Preparing for treatment

There are many lifestyle factors that have been proven to influence or enhance your chances of getting pregnant, both before and during fertility treatment. It is important to know that when you have been referred for fertility treatment, often the cause of your reduced fertility is out of your control. 

But there are some factors you can focus on that can have a positive impact. The below factors are equally important for men and women to follow. Remember it takes 100-120 days for eggs and sperm to mature, so what you do in the four months prior to conception has an impact.

Healthy weight

Though it is not the only factor, research shows that excess or insufficient weight in men and women is a contributing factor in reduced fertility. Body Mass Index or BMI is often used in research studies, a BMI of 20-25kg/m2 has been shown to improve chances of conception both naturally and in people undergoing fertility treatment.

If your BMI is outside this range, research shows that a smaller weight loss of 5% of your body weight can improve your fertility. This is even if this does not bring your BMI into the range of 20-25kg/m2. Learn more about BMI and fertility

Your diet

A Mediterranean dietary pattern has been proven to improve the chances of getting pregnant in people trying to conceive both with and without IVF.

Eating foods rich in antioxidants have shown to improve sperm quality by reducing the damage caused by free radicals. A healthy, balanced diet high in antioxidants is advisable for both partners and can be obtained from eating ample amounts of fruits and brightly coloured vegetables.

Foods such as berries, oranges, plums, grapes, tomatoes, red cabbage, artichokes, carrots, broccoli, spinach, or any dark leafy vegetables are especially rich sources of dietary antioxidants. Garlic, ginger, and dark chocolate are another good source.

Wholegrains, legumes (such as broad beans and soybeans), and healthy fats (mono and polyunsaturated) are also an essential component of a healthy balanced diet. Healthy fats can be obtained from avocados, olives and olive oil, nuts, and seeds (such as flaxseed, walnuts, almonds, sunflower and pumpkin seeds).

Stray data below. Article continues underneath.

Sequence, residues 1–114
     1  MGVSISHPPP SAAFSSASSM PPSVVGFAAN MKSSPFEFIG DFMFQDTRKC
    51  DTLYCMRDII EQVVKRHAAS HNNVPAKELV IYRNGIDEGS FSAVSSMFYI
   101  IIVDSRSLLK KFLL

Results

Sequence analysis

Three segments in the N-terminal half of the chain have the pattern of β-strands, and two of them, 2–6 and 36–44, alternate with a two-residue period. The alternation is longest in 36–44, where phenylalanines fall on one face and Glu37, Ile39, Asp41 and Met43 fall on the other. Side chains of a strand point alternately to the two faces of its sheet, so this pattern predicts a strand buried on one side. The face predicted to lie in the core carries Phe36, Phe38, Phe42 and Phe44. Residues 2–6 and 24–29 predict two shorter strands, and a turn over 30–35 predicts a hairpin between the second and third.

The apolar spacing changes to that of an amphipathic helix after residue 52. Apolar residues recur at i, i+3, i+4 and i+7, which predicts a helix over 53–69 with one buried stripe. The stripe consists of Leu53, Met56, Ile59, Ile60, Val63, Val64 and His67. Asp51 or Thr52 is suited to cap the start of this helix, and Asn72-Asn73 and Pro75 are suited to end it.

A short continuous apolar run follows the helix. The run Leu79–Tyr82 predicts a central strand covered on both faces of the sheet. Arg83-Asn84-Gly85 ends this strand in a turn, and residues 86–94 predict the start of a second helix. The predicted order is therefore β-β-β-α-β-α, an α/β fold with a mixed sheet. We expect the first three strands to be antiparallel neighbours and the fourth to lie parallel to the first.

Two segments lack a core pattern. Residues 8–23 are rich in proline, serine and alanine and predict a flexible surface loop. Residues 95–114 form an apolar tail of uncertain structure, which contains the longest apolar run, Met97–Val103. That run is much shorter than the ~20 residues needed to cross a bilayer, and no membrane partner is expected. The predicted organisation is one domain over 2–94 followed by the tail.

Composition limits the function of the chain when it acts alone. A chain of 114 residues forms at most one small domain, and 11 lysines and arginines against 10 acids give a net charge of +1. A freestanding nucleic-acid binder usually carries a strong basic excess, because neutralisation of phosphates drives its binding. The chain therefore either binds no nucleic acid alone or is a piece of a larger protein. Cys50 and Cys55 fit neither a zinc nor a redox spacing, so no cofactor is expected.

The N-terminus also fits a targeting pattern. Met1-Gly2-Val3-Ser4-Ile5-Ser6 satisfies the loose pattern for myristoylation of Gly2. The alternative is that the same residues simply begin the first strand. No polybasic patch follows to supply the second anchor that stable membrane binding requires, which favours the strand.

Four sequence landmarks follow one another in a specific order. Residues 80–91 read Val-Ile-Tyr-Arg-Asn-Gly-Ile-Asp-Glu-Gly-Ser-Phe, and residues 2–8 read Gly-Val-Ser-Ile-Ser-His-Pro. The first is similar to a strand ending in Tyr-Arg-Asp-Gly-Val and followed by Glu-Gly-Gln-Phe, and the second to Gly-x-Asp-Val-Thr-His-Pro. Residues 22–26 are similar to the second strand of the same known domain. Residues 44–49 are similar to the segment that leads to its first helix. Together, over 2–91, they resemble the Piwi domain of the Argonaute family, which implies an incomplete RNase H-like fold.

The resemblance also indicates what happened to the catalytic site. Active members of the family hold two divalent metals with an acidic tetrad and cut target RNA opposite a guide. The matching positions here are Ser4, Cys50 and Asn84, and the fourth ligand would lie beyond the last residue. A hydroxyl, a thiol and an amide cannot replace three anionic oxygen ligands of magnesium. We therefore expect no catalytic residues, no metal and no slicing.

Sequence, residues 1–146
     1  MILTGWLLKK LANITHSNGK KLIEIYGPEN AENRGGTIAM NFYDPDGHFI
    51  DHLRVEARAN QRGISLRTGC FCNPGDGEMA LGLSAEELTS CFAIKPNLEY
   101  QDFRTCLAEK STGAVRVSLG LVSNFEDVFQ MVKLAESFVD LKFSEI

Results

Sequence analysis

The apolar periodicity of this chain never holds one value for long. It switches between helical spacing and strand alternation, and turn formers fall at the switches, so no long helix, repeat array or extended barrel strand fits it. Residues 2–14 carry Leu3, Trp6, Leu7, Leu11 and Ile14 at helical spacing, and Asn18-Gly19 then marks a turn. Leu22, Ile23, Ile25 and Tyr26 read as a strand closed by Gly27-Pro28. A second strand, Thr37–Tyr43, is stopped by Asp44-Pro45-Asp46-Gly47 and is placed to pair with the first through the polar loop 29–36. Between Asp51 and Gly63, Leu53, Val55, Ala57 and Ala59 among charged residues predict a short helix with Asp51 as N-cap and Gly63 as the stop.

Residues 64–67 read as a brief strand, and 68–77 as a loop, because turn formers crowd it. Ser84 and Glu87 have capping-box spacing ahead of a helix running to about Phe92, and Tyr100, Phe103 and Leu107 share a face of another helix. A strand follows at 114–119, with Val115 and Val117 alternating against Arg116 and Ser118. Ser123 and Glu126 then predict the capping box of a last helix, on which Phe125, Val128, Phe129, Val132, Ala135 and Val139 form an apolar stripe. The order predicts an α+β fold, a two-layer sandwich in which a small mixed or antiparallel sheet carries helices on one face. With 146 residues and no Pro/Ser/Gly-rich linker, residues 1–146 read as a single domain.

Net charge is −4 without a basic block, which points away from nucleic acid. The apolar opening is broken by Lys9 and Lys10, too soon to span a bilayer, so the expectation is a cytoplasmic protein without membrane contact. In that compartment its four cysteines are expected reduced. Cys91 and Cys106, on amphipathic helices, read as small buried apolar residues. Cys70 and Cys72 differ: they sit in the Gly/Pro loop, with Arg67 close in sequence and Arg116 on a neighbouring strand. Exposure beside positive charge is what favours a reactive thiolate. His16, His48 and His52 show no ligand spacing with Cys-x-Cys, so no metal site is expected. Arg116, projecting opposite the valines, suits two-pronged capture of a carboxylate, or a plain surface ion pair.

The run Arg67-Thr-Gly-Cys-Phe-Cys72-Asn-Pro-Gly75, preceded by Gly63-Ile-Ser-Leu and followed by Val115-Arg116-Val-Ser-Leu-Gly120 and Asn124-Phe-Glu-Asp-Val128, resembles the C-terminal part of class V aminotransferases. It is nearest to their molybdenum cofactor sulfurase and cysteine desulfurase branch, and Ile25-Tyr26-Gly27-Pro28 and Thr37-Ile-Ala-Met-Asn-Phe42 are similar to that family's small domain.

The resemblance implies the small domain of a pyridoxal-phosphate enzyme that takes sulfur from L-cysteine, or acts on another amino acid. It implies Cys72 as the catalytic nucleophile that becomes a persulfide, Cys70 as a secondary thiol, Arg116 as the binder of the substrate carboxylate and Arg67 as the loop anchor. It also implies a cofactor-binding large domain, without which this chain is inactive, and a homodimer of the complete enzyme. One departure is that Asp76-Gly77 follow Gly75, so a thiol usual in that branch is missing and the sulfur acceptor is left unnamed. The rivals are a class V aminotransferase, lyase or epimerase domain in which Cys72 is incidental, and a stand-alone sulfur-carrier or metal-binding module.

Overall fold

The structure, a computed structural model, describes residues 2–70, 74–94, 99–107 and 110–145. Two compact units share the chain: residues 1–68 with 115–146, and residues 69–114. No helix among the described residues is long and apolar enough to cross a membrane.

Drinking at least one litre of water per day is also recommended and will help to alleviate the common side effect of constipation following IVF drugs.

Exercise for the body and mind

Exercise is useful as it can enhance fertility and help manage any stress you may be experiencing due to reduced fertility or subsequent treatment. 

Now is the time to find a type of movement that you enjoy. 

Try to include a range of activities regularly in your life, including some low impact activities e.g. walking, yoga and pilates.

Preparing for treatment exercise

Get started with supplements

For anyone planning to be pregnant, you should supplement with folate or folic acid and iodine for at least three months prior to conceiving. A prenatal multi-vitamin is a good first step, other supplements are not recommended unless prescribed by your health care professional or you have a specific deficiency. Some people need a higher dose of folic acid because of their medical history, check with your healthcare professional if this applies to you.

Folic Acid (Folate)

Folic acid is important as it can help to prevent neuronal birth defects such as spina bifida. Although folic acid, in the form of folate, can be found naturally in leafy greens, whole grain breads and legumes, to ensure your intake is sufficient it is important to take one 0.8mg folic acid tablet every day for four weeks before you might become pregnant, and continue through to 14 weeks after becoming pregnant.


As a baby’s only source of iodine is from the mother, anyone preparing for pregnancy needs to increase their iodine intake to support foetal growth and development, especially the foetal brain. Foods high in iodine include well-cooked seafood, milk, eggs, and some cereals. To ensure your intake is sufficient, it is recommended to take one 0.150mg iodine tablet every day before and during pregnancy, and while breastfeeding. The need for iodine supplements should be discussed with your doctor.


During pregnancy, the required daily intake of iron is double that needed prior to pregnancy. Eating iron-rich foods such as red meat, dark green leafy vegetables and legumes before pregnancy may be sufficient for some people, while others may require supplements, especially those with anaemia. The need for iron supplements should be discussed with your doctor. 


The recommended daily calcium intake is 1,000mg before, during and after pregnancy. This can be reached in most people by consuming four servings a day of dairy products or other calcium rich foods such as calcium-fortified cereal, juice, soy, and rice beverages. If you don’t eat dairy products, a calcium supplement would be recommended.

Multivitamins and antioxidants

There are several commercially available multivitamin and antioxidant supplements specifically for pregnancy preparation. Based on trial analysis, we recommend that anyone with abnormal semen analysis take multivitamins/antioxidant preparations such as CoQ10 or Melatonin supplements for three months prior to starting treatment.


Stimulants and drugs

Quit smoking and vaping

It’s no secret that smoking has serious, negative consequences for our health. It’s well documented that smoking may harm an unborn child, but did you know that smoking can also hinder the chances of conceiving? People who smoke are 40% less likely to conceive each month than non-smokers.